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11 Science-Backed Techniques for Better Sleep | Sleep Reset

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May 8, 2023

How to Sleep Better: 11 Science-Backed Techniques

Medically reviewed by: 

You’re not alone if you struggle to fall asleep or stay asleep at night. Insomnia affects millions of people worldwide – but the good news is that there are science-backed techniques to help you improve your sleep quality. Let’s explore 11 of them.

Engage in relaxing activities before bed

Take some time to wind down before bed as this can help signal to your body that it's time for sleep. A few activities are:

  • Take a warm bath or shower: The warmth can help relax your muscles and calm your mind.
  • Read a book or listen to calming music: This can distract you from any racing thoughts, allowing you to drift off more easily.
  • Practice yoga or meditation: These practices have been shown to reduce stress and promote relaxation.

Practice relaxation techniques like deep breathing and meditation

Relaxation techniques, such as deep breathing and meditation, can help calm your mind and body. Here are some effective techniques you can try:

  • Progressive muscle relaxation: Tense and relax each muscle group in your body, starting with your toes and working up to your head.
  • Visualization: Picture a calming scene or activity in your mind, such as walking through a forest or sitting on the beach.
  • Calming music or sounds: Listen to soothing sounds like white noise, nature sounds or soft instrumental music.

Write down worries to clear your mind

Keep a worry journal and write down any concerns that come up before bed as a way to clear your mind. Writing down worries can be an effective method for reducing stress and improving sleep quality. By identifying the source of your worries, you may find it easier to tackle them head-on and develop a strategy for managing them. Create an action plan for any problems to help you feel more in control.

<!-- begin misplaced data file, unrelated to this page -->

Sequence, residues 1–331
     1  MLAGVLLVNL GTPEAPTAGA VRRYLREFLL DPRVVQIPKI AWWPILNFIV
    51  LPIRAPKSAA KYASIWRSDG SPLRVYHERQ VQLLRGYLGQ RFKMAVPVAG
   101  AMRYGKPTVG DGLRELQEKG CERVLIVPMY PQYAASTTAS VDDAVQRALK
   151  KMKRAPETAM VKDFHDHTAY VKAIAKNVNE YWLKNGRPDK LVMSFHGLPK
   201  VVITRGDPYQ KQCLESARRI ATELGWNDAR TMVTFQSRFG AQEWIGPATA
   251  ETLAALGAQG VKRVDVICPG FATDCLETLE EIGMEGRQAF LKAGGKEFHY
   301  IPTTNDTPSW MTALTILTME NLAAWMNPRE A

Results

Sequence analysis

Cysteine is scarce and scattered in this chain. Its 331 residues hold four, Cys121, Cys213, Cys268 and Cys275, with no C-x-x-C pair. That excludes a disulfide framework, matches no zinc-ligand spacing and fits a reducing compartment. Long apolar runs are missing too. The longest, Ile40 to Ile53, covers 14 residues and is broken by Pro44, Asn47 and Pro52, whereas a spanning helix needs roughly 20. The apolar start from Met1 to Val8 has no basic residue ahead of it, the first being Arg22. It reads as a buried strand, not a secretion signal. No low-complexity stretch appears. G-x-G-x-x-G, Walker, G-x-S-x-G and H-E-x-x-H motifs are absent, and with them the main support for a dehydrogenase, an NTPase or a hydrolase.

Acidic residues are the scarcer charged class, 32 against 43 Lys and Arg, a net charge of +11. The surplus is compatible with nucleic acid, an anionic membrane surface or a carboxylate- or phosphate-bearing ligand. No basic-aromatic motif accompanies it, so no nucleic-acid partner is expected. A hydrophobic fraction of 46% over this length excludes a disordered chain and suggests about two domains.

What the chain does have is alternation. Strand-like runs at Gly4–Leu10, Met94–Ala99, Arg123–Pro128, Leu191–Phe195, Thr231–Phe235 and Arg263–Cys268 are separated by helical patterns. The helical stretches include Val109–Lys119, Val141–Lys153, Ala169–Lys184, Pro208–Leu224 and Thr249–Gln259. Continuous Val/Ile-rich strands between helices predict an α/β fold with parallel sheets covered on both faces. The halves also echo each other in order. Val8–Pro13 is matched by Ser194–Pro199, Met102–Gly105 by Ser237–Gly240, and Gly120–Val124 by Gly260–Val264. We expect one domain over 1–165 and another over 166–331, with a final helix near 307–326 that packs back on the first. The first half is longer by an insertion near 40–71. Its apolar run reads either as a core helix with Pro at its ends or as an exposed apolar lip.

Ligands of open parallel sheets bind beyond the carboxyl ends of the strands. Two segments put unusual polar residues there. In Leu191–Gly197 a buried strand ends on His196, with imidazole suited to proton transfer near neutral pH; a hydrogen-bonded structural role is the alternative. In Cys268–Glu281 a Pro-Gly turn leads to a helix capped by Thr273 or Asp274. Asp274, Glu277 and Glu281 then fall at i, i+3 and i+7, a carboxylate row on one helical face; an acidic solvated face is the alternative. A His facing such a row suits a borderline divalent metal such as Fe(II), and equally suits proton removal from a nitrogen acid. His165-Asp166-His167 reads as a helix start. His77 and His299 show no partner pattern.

Avoid screens for at least an hour before bedtime

Avoid screens for at least an hour before bedtime to improve your sleep quality. The blue light emitted from electronic devices suppresses melatonin production, making it harder to fall asleep and stay asleep. Instead of scrolling through social media or watching TV, try these activities:

  • Use blue light blocking glasses if you must use devices
  • Write in a journal instead of scrolling through social media
  • Listen to an audiobook instead of watching TV

These alternatives will help relax your mind and alleviate stress, leading to a better night's rest.

Stick to a consistent bedtime and wake-up time

Setting a consistent bedtime and wake-up time can do wonders for your sleep. Avoid staying up late on weekends, as it can disrupt your circadian rhythm, or internal body clock, and make it more difficult to fall asleep during the week.

Another key tip is to create a relaxing pre-sleep routine that helps you wind down before bed. This could involve activities mentioned earlier, like reading or taking a warm bath, while avoiding alcohol or blue light from screens in the hours leading up to bedtime. By sticking with these habits consistently, you'll train your body to associate them with sleep and improve your chances of getting restful slumber every night.